There are other options for the Fed at this juncture, but I cherry pick that one just for ease of argument given the size of the mortgage market, its impact on the consumer and the extremeness of the policy. I think it’s beyond silly to argue that the $19 trillion in household real estate assets would not be impacted by this dramatic change or that it wouldn’t filter through the economy and other debt products in various ways. Through refinancings and the added affordability of housing I venture to argue that this would at least have SOME impact on the economy.
Some of the economists mentioned above have even told me via email that they fear this might cause hyperinflation. I wouldn’t go that far, but it would certainly increase the demand for debt since it would nearly transform long-term credit into a perfect substitute for cash. I think that goes without saying. And at the end of the day, that’s how monetary policy works. By increasing or decreasing the demand for what Monetary Realism calls “inside money” or bank money.
2) Banking is a business of spreads. Banks lend at a spread over a benchmark wholesale funding cost. When the benchmark rate declines banks are then able to maintain a spread while inducing demand via lower rates. This is why you see a strong correlation between rates like the FFR and the 30 year mortgage (see chart below). Banking is ultimately a demand driven business. Loans don’t fly out the doors of banks as the money multiplier leads us to believe.
So when a bank can maintain this spread and still induce stronger demand they’re driven by a strong profit motive to make loans at lower rates. In this regard, the Fed has always played a powerful role in the economy. Since most of the money in the economy is “inside money” (or bank money) it’s rather obvious that changing the cost of this money has an impact and can, at times, have an enormous effect. To claim otherwise is to misunderstand the fact that “inside money” is THE prominent form of money in the economy.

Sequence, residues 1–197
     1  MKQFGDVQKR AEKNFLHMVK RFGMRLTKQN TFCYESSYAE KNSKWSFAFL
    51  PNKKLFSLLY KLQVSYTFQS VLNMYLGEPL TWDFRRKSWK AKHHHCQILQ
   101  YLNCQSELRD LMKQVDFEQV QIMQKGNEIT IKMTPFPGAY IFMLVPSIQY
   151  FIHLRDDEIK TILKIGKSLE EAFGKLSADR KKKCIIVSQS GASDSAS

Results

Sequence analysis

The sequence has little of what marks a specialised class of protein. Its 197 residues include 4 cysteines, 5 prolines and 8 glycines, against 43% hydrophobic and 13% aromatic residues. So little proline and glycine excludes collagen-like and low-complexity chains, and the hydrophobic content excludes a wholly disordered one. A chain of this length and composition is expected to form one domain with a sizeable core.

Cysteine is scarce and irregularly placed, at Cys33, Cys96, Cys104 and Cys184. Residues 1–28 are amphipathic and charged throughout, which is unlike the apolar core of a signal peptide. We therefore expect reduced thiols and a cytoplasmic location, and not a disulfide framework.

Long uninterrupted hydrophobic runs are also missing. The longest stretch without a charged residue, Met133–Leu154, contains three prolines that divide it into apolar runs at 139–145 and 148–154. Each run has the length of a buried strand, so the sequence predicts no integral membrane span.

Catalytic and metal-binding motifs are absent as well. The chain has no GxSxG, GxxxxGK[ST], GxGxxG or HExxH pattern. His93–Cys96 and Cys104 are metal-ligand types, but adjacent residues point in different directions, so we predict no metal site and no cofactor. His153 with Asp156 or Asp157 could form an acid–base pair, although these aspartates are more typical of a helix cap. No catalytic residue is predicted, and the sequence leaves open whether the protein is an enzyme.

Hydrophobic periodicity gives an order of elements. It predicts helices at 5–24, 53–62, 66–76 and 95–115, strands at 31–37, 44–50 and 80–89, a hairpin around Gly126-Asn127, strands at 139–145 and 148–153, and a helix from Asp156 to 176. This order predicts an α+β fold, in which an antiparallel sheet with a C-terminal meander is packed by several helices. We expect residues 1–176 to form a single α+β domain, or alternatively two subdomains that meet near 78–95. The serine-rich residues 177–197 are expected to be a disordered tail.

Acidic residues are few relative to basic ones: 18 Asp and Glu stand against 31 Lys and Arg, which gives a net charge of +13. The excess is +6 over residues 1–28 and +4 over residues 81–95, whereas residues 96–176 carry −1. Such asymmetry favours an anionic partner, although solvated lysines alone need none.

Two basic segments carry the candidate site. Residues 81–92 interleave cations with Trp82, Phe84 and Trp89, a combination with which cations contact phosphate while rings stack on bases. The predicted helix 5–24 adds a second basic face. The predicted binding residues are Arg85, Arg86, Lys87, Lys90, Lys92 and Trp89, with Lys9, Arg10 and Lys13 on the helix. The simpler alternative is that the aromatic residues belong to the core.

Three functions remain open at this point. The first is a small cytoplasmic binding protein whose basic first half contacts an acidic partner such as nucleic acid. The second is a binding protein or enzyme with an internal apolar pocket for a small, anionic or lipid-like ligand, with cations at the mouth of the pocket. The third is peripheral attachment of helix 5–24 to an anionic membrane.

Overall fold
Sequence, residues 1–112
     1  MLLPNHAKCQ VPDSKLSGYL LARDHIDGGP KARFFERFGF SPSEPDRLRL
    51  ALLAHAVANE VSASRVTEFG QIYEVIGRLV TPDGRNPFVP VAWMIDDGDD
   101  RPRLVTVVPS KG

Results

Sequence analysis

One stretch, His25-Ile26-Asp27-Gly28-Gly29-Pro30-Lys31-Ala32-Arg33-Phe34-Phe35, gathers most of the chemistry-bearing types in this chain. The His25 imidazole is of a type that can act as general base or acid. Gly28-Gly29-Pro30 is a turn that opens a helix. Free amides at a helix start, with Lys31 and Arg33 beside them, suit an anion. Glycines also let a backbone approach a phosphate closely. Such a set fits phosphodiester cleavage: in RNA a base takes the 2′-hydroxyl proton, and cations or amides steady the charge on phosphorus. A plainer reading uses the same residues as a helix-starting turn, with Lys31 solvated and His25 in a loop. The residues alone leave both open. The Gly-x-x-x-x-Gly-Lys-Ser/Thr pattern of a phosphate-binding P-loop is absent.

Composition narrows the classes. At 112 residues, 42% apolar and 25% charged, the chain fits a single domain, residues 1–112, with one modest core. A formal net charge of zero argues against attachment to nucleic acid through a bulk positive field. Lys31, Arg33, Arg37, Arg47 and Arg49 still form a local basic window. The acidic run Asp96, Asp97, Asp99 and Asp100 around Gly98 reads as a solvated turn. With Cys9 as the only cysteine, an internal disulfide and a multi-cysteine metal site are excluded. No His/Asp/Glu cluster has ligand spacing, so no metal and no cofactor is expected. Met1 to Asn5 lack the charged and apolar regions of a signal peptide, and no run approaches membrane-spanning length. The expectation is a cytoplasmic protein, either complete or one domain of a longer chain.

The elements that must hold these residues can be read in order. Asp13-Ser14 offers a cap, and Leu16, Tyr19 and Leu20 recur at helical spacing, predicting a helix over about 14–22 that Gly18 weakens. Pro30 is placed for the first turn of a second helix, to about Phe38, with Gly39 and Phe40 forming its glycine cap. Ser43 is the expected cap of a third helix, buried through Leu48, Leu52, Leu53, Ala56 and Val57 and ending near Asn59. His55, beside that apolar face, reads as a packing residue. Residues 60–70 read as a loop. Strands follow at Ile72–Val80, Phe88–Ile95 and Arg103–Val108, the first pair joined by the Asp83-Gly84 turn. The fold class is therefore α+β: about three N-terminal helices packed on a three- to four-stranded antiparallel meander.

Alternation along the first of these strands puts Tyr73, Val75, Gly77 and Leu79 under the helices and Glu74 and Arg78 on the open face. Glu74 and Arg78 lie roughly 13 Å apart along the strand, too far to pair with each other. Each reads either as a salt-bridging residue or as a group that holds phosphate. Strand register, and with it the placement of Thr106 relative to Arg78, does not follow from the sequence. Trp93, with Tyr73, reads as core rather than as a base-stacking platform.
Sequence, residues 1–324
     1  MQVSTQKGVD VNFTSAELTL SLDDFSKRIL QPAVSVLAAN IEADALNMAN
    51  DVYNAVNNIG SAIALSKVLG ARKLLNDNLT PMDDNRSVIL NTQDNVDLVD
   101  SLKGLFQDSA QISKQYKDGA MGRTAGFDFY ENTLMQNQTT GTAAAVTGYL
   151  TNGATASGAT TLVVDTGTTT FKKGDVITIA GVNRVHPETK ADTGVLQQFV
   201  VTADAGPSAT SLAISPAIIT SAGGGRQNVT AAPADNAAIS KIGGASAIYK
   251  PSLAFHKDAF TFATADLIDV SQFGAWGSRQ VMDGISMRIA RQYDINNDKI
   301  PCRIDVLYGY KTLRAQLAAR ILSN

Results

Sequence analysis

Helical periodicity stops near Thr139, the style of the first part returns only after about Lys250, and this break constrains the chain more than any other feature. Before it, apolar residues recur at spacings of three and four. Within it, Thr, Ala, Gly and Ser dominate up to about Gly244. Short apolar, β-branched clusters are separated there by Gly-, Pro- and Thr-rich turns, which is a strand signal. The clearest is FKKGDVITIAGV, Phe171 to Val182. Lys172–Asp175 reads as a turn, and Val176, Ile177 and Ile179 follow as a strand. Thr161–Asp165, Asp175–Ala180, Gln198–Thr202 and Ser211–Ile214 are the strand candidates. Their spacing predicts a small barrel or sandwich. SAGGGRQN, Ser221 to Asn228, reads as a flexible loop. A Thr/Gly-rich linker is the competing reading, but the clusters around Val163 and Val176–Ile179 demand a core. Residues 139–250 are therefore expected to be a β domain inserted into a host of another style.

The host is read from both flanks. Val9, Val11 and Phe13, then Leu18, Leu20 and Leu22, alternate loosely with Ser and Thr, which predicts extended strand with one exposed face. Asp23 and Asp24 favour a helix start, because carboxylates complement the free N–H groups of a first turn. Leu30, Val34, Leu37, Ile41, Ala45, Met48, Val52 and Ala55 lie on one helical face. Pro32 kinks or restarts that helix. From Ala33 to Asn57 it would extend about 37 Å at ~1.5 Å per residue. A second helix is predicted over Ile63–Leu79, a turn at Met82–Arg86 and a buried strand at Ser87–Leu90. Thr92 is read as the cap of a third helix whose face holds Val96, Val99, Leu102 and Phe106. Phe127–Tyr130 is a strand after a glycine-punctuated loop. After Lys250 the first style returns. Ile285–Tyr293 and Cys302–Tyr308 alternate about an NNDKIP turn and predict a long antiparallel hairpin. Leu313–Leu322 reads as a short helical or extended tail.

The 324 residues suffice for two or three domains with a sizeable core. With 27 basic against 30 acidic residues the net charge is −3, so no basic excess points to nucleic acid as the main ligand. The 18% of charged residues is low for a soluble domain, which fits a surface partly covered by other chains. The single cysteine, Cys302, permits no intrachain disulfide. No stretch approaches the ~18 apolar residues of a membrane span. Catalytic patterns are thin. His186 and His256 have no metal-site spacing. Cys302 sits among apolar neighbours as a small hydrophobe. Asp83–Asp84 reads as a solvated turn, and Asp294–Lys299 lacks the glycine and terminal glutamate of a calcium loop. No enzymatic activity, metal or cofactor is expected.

Conclusion – Monetary policy has been very weak in the current environment for several reasons. The primary reason is due to a lack of demand for debt. Consumers are saddled with excessive debt so demand for “inside money” has been abnormally weak in recent years. This is perfectly normal following a credit driven bubble. And since monetary policy primarily works through altering the cost of “inside money” it’s not surprising that the actions of the Fed have appeared rather ineffective in recent years.
But this unusual environment should not be taken to mean that the Fed has zero options or that monetary policy is never effective. To do so would be a vast misunderstanding of the basics of banking and the way our monetary system works. Monetary policy might be a blunt instrument at times, but let’s not make extreme comments that sound ideological or take the uniqueness of today’s environment to make sweeping generalizations.
Lastly, as I like to say, banks are the oil in the “machine” that is the monetary system. The Fed can alter the banking system in powerful ways. As the recent LIBOR scandal showed, central banks are always in the business of using banks to manipulate interest rates (that’s how they implement policy). In the USA, the Primary Dealers are the Fed’s agents for policy implementation. That’s just how it is. In recent years I have preferred other, more direct policy tools (primarily because I thought monetary policy would prove ineffective because of a lack of demand for credit), but I think it’s an exaggeration to claim “the Federal Reserve’s monetary policy has little effect on a number of financial markets, let alone the wider economy.”
This doesn’t mean the Fed’s policies have a direct correlation with consumer spending or can magically transform the economy into something the Fed wants it to be, but let’s not be extreme in our conversation here. The Fed’s an incredibly powerful entity. My brief and incomplete analysis doesn’t prove that overwhelmingly, but market participants understand this. After all, “don’t fight the Fed” isn’t plastered all over Wall Street trading floors just for the fun of having slogans to read.